What Happens Next?
Now that you have decided to buy your home, what happens between now and the time you legally own the home? A Title Company may handle the following items.
An agreement to convey starts the process once it is received at the Title Company. Once you submit the loan application, it is usually subject to a credit check, an appraisal, and sometimes, a survey of the property. Usually 1% of the offer price.
Property Tax Review
What taxes are owed on the property? The Title Company contacts the various assessor-collectors.
Copies of documents are gathered from various public records: deeds, deeds of trust, various assessments and matters of probate, heirship, divorce, and bankruptcy are addressed.
Verification of the legal owner and debts owed.
Appropriate forms are prepared for conveyance and settlement.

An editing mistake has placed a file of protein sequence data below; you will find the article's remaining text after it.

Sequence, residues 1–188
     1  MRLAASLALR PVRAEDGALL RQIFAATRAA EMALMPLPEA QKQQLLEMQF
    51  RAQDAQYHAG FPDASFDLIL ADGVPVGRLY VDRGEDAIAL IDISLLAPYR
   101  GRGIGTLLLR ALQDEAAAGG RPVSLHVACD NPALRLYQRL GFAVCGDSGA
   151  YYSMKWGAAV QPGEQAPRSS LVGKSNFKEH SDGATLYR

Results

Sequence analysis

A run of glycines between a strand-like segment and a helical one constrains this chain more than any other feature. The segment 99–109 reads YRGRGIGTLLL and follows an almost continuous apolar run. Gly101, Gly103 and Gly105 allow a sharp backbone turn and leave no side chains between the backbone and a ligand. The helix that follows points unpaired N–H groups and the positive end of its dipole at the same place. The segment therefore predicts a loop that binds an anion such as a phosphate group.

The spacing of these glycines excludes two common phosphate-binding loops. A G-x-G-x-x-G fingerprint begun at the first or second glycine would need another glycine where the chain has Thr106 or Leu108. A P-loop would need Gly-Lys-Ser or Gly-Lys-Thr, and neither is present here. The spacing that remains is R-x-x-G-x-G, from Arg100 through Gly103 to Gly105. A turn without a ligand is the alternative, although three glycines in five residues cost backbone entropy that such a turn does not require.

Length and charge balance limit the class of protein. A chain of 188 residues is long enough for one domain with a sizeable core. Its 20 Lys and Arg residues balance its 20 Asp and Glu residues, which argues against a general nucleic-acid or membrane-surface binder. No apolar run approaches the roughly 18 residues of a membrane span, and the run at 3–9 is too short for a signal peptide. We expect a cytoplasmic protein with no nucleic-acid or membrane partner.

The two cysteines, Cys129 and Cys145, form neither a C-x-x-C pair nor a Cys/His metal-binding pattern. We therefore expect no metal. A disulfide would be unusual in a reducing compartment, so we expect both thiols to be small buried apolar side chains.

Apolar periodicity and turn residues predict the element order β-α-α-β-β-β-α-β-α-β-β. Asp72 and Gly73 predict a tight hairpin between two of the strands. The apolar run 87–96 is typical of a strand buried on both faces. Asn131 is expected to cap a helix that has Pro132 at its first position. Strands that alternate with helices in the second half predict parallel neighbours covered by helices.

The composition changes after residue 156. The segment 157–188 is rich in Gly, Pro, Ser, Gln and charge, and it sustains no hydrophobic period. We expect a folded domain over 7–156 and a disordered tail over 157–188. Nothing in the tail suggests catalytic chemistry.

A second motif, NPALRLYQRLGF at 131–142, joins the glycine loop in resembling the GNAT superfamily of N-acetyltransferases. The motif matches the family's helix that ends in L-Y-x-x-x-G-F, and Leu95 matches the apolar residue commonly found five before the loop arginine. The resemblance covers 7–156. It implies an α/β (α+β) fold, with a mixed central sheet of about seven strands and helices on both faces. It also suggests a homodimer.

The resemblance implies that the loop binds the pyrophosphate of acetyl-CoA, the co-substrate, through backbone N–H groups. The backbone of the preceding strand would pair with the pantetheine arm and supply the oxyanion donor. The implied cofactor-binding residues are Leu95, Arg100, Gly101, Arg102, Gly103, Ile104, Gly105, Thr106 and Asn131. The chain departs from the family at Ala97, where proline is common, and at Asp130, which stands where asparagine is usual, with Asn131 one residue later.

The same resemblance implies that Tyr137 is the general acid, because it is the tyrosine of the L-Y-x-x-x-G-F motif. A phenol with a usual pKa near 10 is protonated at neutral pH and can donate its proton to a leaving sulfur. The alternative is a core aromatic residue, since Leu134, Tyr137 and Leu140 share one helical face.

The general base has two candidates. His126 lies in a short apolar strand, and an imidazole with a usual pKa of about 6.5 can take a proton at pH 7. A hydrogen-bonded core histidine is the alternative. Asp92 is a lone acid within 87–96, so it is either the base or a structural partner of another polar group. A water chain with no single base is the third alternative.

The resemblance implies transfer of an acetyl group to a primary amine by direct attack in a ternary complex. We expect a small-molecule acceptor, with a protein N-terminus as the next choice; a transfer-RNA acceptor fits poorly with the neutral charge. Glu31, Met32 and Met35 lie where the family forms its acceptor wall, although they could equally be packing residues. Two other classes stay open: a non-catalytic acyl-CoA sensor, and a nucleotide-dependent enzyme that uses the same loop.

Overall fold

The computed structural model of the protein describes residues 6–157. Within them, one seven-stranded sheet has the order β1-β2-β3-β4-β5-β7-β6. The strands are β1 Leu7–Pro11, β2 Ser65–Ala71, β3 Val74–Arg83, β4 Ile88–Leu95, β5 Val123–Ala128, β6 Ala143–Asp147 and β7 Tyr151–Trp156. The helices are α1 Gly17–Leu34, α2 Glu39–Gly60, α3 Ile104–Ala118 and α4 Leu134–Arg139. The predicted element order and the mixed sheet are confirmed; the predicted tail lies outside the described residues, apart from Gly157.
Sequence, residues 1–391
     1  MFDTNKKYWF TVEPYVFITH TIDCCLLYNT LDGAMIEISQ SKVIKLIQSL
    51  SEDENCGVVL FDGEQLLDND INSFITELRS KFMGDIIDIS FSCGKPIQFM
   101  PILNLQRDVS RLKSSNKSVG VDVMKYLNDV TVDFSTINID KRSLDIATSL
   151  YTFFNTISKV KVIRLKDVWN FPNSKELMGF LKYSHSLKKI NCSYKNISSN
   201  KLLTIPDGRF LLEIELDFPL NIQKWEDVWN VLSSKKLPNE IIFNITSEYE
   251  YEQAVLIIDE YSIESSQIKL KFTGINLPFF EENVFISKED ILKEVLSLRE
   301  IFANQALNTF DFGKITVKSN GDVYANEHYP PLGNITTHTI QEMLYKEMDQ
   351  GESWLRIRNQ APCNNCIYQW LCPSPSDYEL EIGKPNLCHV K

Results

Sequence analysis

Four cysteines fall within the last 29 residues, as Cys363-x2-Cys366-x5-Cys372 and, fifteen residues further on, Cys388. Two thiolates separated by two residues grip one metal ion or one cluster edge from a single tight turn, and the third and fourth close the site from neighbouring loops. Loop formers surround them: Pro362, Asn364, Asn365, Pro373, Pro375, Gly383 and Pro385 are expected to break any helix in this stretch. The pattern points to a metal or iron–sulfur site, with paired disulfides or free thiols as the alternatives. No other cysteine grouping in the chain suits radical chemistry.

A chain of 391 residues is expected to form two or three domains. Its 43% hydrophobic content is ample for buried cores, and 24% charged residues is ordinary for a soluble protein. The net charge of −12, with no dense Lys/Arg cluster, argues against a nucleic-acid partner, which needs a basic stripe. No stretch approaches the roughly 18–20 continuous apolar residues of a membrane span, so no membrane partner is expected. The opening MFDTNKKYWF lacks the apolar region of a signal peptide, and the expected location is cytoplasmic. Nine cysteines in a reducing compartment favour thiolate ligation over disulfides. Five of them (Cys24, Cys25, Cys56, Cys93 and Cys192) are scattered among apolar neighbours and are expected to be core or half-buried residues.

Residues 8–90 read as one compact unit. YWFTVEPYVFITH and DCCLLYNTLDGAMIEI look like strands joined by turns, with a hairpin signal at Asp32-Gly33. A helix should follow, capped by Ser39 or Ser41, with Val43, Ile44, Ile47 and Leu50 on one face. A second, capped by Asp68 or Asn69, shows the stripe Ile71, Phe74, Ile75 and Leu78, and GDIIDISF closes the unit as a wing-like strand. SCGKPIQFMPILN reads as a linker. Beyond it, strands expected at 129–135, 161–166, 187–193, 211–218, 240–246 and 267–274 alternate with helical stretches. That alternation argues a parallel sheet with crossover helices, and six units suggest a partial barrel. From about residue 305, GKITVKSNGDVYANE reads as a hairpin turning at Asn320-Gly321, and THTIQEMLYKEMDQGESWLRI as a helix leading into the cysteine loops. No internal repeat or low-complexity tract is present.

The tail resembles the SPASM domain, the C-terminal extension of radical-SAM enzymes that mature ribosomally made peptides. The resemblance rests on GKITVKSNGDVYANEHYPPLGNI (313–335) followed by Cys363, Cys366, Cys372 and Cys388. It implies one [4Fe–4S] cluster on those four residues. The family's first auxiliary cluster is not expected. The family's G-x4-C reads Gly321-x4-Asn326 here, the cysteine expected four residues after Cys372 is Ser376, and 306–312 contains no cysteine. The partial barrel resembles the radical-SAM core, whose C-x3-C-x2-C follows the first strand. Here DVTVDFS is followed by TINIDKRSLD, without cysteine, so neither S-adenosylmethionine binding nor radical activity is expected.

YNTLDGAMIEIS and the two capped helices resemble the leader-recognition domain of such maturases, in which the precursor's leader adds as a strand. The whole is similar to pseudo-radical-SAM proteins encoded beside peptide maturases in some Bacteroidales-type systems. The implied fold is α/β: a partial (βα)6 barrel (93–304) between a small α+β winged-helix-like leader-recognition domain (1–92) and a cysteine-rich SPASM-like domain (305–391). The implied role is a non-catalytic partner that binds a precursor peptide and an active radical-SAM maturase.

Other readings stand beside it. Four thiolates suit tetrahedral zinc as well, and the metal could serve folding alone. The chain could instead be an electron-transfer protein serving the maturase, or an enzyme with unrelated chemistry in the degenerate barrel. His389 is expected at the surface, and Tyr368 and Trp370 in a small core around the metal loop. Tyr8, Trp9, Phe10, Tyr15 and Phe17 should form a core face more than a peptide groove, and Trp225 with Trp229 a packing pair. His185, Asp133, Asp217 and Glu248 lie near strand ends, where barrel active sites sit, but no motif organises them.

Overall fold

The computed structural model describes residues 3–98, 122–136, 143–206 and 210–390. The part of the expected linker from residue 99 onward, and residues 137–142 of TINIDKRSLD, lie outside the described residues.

An Escrow Officer oversees the closing of the transaction: seller signs the deed, you sign a new mortgage, the old loan is paid off and the new loan is established. Seller, agents, attorneys, surveyors, Title Company, and other service providers for the parties are paid. Title insurance policies will then be issued to you and your lender.
There are two types of title insurance:
- Coverage that protects the lender for the amount of the mortgage
- Coverage that protects the equity in the property
Both you and your lender will want the security offered by title insurance. Why?
Title agents search public records to determine who has owned any piece of property, but these records may not reflect irregularities that are almost impossible to find. Here are some examples: an unauthorized seller forges the deed to the property; an unknown, but rightful heir to the property shows up after the sale to claim ownership; conflicts arise over a will from a deceased owner; or a land survey showing the boundaries of your property is incorrect.
For a one-time charge at closing, title insurance will safeguard you against problems including those events an exhaustive search will not reveal.